Release of Hundreds of Thousands of Crabs to Help Florida’s Coral Reefs
SCIENTISTS TO BREED, RELEASE HUNDREDS OF THOUSANDS OF CRABS TO SAVE FLORIDA’S CORAL REEFS
Coral reefs around the world aren’t doing very well, in large part to warming ocean water temperatures. But another major problem for them is algae, and that is certainly the major issue threatening coral reefs in Florida. Coral reefs, of course, are important for a host of forms of sea life. But for Florida, they’re a major factor in protecting cities from Hurricane flooding. And massive overpopulations of algae are preventing coral reefs from growing, and could further threaten them as time moves on. So how do we help protect Florida’s coral reefs, sea life and Florida’s cities? One answer is the release of hundreds of thousands of Caribbean king crabs.
CARIBBEAN KING CRABS COULD HELP REPLACE ALL THE LOST ALGAE EATERS
Why crabs? Because crabs love eating algae, and a major boost to the crab population could possibly help reduce the size of algae overpopulations. And the algae overpopulations are a major problem now, both because algae love human waste (both sewage and farm runoff) which there is even more of in the waters now, and because the animals that eat algae have declined precipitously. 3 decades ago, something wiped out the longspined sea urchin population in the Caribbean, which eats a lot of algae. And overfishing over the years have nearly decimated the populations of algae-eating fish, like the parrot fish. So that means crabs to the hopeful rescue.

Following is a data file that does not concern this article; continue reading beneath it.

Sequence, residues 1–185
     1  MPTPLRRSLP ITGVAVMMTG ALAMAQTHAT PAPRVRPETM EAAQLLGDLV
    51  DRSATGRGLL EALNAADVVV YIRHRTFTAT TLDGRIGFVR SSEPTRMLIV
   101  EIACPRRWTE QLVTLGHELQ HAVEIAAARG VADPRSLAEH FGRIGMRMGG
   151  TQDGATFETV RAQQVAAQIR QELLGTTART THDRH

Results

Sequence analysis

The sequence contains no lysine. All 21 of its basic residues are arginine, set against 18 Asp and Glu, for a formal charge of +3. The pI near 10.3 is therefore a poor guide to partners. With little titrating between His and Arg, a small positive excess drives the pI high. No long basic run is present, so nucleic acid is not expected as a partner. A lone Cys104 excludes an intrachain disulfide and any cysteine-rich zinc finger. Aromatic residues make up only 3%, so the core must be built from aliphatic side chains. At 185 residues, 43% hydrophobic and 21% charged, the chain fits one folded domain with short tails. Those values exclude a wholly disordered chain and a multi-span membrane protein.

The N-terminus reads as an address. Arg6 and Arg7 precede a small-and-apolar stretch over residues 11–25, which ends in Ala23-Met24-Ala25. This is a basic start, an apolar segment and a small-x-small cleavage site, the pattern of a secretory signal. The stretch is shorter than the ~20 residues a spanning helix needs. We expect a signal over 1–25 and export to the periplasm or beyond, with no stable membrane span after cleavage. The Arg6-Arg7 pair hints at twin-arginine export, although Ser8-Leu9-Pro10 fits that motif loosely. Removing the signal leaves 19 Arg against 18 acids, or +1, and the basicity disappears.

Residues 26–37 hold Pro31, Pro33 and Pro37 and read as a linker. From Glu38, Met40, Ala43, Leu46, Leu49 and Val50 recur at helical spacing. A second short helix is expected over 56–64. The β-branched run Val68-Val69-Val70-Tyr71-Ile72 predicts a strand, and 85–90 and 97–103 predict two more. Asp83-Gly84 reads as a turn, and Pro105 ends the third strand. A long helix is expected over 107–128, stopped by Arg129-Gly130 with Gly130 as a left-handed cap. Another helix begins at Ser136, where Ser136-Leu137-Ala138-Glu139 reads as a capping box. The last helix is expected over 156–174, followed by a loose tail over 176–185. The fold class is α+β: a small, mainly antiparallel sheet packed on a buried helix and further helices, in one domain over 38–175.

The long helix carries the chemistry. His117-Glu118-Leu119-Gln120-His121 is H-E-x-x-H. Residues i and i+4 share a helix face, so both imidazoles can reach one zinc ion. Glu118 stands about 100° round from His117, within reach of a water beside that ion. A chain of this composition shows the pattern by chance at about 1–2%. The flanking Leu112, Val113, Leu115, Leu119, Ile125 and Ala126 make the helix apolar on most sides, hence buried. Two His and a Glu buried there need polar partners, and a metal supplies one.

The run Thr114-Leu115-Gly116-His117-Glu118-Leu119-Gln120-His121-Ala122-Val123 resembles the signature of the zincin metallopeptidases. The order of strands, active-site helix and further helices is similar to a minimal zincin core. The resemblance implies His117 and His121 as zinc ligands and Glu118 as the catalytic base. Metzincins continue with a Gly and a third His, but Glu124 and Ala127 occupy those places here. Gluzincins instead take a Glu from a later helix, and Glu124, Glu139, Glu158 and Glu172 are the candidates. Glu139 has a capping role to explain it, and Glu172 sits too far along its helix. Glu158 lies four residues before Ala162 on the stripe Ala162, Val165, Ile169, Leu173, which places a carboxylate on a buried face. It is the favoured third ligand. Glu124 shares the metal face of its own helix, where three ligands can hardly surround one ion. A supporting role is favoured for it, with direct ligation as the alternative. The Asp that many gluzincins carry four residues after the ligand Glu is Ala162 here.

THE WORLD’S CORAL REEFS HAVE SEEN A 20% UPTICK IN ALGAE IN THE LAST DECADE ALONE
In just the last 10 years, the world’s coral reefs have seen a 20% increase in the algae covering them. In a literal visual sense, there are coral reefs that used to be a rainbow of vibrant colors, but now are a uniform green. In other words, they’re covered in algae, not growing, and at risk. So putting a population of animals that may thrive in the form of hundreds of thousands of crabs is a logical move to try to reverse the run amok scale of algae overpopulation. So now scientists are breeding a literal army horde of Caribbean king crabs to the hopeful rescue. But this may be an ongoing process of breed and release, especially if the Florida and Caribbean waters get dangerous heatwaves warming their waters every year.